Student Spotlight: Anthony Sangiuliano
August 23, 2021
Anthony Sangiuliano is a doctoral candidate in philosophy from Toronto, Ontario, Canada. After attending the University of Toronto and Osgoode Hall Law School, he chose to pursue further study at Cornell for the strength and interdisciplinarity of the philosophy program.
What is your area of research and why is it important?
My dissertation develops a philosophical interpretation of anti-discrimination law by examining the relationship between the morality and the law of anti-discrimination. Most philosophers assume that the law’s purpose is to prohibit discriminatory acts that are inherently morally wrongful. I think this is a mistake. I argue that the law’s purpose is to achieve a sociopolitical goal that is legitimate for the state to pursue, and it prohibits discriminatory acts when doing so, and promotes this goal regardless of whether those acts are morally wrong. I call this theory “anti-discrimination law as public law.”
What are the larger implications of this research?
The particular sociopolitical goal I argue that the law aims to realize is what American jurists call “anti-subordination.” Uncovering the moral foundations of this concept helps orient efforts of legal practitioners and political representatives to reform existing anti-discrimination law. For example, existing law relies on individual victims of discrimination to bring lawsuits in court as the mechanism for its enforcement. But my account recommends alternative mechanisms that shift the onus of enforcement onto government agencies to remedy discrimination because these would more effectively achieve the goal of anti-subordination.
What inspired you to choose this field of study?
When I studied and practiced law before attending Cornell, I was struck by how anti-discrimination law is at once regarded as one of the crowning achievements of modern, enlightened legal systems while still being subject to seemingly intractable legal and political controversy. I came to believe that public discourse around anti-discrimination law could stand to benefit from deeper philosophical reflection on its moral foundations. So, I wanted to focus my dissertation research on anti-discrimination law in order to understand how to best to navigate the controversies to which the law is subject and respond to skeptics of the law’s legitimacy.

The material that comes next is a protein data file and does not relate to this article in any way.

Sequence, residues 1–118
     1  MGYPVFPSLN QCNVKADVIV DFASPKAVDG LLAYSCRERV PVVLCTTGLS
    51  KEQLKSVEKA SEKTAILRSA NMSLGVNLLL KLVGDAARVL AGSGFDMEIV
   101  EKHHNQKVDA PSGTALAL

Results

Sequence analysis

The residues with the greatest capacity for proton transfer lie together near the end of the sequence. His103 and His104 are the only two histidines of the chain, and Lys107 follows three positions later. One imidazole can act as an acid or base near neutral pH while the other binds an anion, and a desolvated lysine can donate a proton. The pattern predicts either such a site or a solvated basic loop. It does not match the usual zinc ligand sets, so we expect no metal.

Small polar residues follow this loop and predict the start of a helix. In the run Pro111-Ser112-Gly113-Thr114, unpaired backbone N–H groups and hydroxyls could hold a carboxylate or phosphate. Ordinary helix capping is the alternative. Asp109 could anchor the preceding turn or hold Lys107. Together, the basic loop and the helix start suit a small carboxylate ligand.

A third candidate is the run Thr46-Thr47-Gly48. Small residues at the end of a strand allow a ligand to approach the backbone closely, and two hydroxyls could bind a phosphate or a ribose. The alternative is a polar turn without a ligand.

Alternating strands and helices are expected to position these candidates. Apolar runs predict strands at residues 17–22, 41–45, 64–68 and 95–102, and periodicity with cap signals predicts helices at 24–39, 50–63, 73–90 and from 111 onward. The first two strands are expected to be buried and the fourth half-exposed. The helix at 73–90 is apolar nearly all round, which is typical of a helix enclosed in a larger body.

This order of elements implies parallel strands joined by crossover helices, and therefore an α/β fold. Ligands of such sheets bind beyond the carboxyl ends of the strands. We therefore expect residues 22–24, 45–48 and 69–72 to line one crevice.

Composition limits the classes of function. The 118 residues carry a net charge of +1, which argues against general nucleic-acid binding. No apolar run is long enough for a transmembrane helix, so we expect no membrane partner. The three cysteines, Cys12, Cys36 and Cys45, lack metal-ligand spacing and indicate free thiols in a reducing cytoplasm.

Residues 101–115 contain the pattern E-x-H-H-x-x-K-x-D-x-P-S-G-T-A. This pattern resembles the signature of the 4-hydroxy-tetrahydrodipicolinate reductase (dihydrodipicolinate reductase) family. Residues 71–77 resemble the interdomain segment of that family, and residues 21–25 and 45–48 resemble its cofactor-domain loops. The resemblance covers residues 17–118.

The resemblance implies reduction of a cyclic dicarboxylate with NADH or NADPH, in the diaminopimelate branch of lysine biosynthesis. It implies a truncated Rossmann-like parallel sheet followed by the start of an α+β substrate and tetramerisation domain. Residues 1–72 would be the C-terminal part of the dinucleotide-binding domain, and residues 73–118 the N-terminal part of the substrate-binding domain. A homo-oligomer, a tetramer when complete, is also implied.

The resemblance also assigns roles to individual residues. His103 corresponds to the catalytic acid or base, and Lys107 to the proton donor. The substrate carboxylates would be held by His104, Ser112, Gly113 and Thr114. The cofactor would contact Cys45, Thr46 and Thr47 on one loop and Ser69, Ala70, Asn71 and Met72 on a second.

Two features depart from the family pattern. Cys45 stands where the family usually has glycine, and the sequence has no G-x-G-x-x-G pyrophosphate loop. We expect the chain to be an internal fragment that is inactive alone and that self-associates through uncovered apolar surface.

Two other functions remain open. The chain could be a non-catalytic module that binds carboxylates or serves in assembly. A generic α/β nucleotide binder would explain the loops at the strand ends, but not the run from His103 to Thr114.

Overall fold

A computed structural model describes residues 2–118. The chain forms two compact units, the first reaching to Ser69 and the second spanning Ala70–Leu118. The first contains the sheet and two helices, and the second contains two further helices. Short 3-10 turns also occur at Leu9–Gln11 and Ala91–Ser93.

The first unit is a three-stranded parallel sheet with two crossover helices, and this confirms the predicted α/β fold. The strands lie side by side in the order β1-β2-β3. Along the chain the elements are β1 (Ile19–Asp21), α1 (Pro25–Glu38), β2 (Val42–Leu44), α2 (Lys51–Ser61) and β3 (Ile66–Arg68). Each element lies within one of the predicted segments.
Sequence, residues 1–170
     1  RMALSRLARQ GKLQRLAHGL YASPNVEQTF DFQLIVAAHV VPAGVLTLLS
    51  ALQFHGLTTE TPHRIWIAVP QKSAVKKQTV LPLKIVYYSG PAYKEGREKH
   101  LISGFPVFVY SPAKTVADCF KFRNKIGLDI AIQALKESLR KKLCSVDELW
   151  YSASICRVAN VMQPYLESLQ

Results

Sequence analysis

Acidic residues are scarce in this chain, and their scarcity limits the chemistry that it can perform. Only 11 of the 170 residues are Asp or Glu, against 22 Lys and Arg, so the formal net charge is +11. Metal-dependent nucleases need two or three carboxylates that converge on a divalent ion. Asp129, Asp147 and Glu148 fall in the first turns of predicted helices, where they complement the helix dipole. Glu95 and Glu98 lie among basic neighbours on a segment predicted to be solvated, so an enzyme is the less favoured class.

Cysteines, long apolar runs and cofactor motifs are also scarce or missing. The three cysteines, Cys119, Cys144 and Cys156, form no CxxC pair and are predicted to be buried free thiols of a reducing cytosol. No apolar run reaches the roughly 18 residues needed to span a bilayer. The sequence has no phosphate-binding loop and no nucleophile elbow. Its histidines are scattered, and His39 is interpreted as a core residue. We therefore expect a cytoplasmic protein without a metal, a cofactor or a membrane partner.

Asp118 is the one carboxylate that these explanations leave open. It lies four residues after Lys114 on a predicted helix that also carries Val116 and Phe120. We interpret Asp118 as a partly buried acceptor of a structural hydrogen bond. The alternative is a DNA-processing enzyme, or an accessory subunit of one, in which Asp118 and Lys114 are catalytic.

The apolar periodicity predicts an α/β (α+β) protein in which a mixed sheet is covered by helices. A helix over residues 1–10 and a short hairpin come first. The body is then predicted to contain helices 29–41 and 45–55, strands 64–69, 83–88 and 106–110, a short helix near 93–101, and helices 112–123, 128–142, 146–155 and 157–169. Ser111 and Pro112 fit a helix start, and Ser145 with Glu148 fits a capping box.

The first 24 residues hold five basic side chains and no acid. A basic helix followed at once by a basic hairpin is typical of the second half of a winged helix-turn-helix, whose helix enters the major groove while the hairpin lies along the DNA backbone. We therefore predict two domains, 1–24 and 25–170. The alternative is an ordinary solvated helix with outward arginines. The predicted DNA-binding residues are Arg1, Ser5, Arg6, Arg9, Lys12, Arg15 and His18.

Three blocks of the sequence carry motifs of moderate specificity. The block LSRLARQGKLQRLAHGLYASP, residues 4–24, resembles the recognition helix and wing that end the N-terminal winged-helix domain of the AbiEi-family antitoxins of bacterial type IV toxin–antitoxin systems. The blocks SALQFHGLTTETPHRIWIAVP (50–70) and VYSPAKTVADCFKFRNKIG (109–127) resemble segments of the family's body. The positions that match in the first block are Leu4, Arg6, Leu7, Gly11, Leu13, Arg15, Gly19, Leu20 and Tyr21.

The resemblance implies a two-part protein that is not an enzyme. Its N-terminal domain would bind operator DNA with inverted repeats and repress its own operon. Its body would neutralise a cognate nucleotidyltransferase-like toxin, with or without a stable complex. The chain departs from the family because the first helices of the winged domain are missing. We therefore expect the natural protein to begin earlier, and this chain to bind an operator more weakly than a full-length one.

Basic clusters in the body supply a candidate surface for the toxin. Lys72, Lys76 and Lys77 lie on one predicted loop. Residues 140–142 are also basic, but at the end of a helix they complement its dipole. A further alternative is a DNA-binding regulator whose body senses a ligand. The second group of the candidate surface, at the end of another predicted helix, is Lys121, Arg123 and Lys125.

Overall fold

Where did you study with your Graduate School Research Travel Grant?
I studied in my hometown of Toronto, Ontario, Canada. A professor at the University of Toronto Faculty of Law, who is a world-leading expert on the philosophy of anti-discrimination law, had at the time of my travel been preparing to publish a book on the subject. She invited me to visit the faculty in order to discuss and offer feedback on the book manuscript before it was published and to present a reply to it at a major international conference on anti-discrimination law occurring during the month of my visit.
How important was obtaining a Graduate School Research Travel Grant for your research?
I would not have been able to travel without the travel grant. The financial support it offered helped me pay for my accommodations and food while visiting Toronto for a month. It also helped me pay for expenses I incurred to drive my car from Ithaca to Toronto and back and store it in Toronto for the duration of my visit.
What did this grant allow you to do that you might not have otherwise been able to?
I might have been able to attend the conference I was invited to present at in Toronto without the grant, but the grant allowed me to spend more time there and engage with my professor contact’s book manuscript. Doing so enabled me to write a paper to present at the conference, which in turn gave me an opportunity to network with some of the leading contributors to the field of my dissertation research. Writing this paper and presenting it at the conference were major catalysts for preparing my dissertation prospectus. They therefore helped me prepare to defend my A exam, which I did shortly after returning from my visit.
What are your hobbies or interests outside of your research or scholarship?
Outside of my research, I enjoy cooking, weightlifting, and cheering for the Toronto Maple Leafs hockey team.
Why did you choose Cornell to pursue your degree?
I chose Cornell because of the historical strength in the tradition of analytic philosophy and because it encourages interdisciplinary research between philosophy and law.